Enjoy this collection of quotes on Craft.
“He who works with his hands is a laborer.
He who works with his hands and his head is a craftsman.
He who works with his hands and his head and his heart is an artist.”
― Francis of Assisi
“There are two men inside the artist, the poet and the craftsman. One is born a poet. One becomes a craftsman.” – Emile Zola
“Without craftsmanship, inspiration is a mere reed shaken in the wind.” – Johannes Brahms
“Well you can’t teach the poetry, but you can teach the craft.” – David Hockney
“The difference between an artist and a craftsman is that a craftsman is interested in his or her tools and an artist disdains them.” – Richard Benson
“Everything a writer learns about the art or craft of fiction takes just a little away from his need or desire to write at all. In the end he knows all the tricks and has nothing to say.” – Raymond Chandler
“The moment a man begins to talk about technique that’s proof that he is fresh out of ideas.” – Raymond Chandler
“Art that submits to orthodoxy, to even the soundest doctrines, but lacks imagination and deep self-expression is lost leaving only the craftsmanship.” – Andre Gide
“The most awkward means are adequate to the communication of authentic experience, and the finest words no compensation for lack of it. It is for this reason that we are moved by the true Primitives and that the most accomplished art craftsmanship leaves us cold.” – Ananda Coomaraswamy
“It is not enough to know your craft – you have to have feeling. Science is all very well, but for us imagination is worth far more.” – Edouard Manet
“I think you get most of the most interesting work done in fields where people don’t think they’re doing art but are merely practicing a craft and working as good craftsmen. Being literate as a writer is good craft, is knowing your job, is knowing how to use your tools properly and not to damage the tools as you use them.” – Douglas Adams
“From an acting standpoint, when I was a kid, I thought I knew everything there was to know. As the years go by, this craft becomes more intensive as I get older. You realize how much more there is to know and to learn, and how much better you can get, if you really work at it.” – Kevin Bacon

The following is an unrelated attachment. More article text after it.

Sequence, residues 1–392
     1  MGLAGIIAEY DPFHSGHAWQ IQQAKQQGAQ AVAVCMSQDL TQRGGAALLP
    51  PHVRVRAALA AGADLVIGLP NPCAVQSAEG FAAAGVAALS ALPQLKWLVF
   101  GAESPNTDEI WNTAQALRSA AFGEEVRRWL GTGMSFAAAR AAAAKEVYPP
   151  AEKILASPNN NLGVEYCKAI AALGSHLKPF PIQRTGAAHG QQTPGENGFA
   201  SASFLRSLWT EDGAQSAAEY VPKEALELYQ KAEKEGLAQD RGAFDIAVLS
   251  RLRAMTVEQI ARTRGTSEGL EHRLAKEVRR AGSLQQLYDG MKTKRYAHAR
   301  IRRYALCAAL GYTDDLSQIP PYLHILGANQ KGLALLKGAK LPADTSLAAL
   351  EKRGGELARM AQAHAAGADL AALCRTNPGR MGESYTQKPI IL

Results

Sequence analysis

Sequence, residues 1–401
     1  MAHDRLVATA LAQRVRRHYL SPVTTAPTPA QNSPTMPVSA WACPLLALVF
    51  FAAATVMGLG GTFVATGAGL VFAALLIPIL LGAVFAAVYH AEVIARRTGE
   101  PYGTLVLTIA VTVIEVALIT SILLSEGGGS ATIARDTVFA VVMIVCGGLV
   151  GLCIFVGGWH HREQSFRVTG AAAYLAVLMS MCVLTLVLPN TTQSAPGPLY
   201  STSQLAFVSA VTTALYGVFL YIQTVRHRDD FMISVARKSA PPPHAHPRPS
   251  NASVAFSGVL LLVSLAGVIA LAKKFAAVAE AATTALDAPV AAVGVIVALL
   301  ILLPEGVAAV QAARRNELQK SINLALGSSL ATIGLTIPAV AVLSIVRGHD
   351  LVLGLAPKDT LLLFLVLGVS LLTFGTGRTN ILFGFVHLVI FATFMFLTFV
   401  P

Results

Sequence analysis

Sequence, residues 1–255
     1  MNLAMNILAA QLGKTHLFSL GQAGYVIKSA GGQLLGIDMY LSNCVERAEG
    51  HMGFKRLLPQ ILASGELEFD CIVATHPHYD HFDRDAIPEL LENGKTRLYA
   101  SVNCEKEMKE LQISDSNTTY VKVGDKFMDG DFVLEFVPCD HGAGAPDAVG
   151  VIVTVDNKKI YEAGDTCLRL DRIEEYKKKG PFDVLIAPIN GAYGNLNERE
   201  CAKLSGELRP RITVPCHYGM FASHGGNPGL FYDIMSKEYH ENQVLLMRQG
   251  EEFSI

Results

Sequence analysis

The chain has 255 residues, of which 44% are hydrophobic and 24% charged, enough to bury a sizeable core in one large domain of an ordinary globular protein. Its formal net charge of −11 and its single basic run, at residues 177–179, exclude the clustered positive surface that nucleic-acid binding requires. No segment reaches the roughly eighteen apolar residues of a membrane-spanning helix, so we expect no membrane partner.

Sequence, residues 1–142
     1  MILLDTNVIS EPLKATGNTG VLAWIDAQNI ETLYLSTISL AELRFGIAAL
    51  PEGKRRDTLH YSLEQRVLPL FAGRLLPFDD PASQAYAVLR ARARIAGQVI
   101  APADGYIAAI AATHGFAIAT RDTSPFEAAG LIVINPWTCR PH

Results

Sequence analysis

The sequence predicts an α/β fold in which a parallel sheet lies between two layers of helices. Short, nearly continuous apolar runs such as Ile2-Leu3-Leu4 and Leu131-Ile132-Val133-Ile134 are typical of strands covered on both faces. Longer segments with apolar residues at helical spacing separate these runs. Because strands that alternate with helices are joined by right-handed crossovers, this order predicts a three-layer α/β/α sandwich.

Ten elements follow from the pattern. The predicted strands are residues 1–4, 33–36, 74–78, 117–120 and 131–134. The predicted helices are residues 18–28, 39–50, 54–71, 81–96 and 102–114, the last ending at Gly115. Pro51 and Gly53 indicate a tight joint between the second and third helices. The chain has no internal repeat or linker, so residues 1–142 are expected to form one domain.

“And if you can find out something about the laws of your own growth and vision as well as those of photography you may be able to relate the two, create an object that has a life of its own, which transcends craftsmanship. That is a long road, and because it must be your own road nobody can teach it to you or find it for you. There are no shortcuts, no rules.” – Paul Strand
“What I’ve learned over the years is that the craft of songwriting is trying to take the personal and make it universal – or in the case of telling a story, taking the universal and making it personal.” – Neil Peart
“The great thing for me, now, is that writing has become more and more interesting. Not just as a craft but as a way into things that are not described. It’s a thing of discovering. That’s when writing is really working. You’re on the trail of something, and you don’t quite know what it is.” – Sam Shepard
“We are all apprentices in a craft where no one ever becomes a master.” – Ernest Hemingway
“The best craftsmanship always leaves holes and gaps… so that something that is not in the poem can creep, crawl, flash or thunder in.” – Dylan Thomas
“You want to be a bit compulsive in your art or craft or whatever you do.” – Steve Martin
“You either create something and you keep it a secret and you die with it, or you can benefit the craft.” -Vidal Sassoon
“The life so short, the craft so long to learn.” – Hippocrates
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When you’re evaluating print quality, knowing what to look for is almost as important as knowing how to achieve it. Many technical factors contribute to print quality. Here’s a list of things to look for when you’re evaluating print quality – yours and others’.
It’s not that every one of these factors has to be optimal to achieve great print quality. It is that every factor you optimize enhances print quality further.
No Motion Blur
No Sharpening Artifacts
Extended Depth Of Field
Extended Dynamic Range
Highlight Detail / Separation In Values
Shadow Detail / Separation In Values
No Noise Reduction Artifacts
Believable Color … or … Color Transformed With Intent
Color Without Artificial Color Casts
Variation In Single Colors
Appropriate Presentation Materials
So what’s ‘appropriate’? That all depends on the statement being made. The real question is, “What is the artist trying to do? And how well did they achieve that?” You can successfully break the rules if you break them for a reason.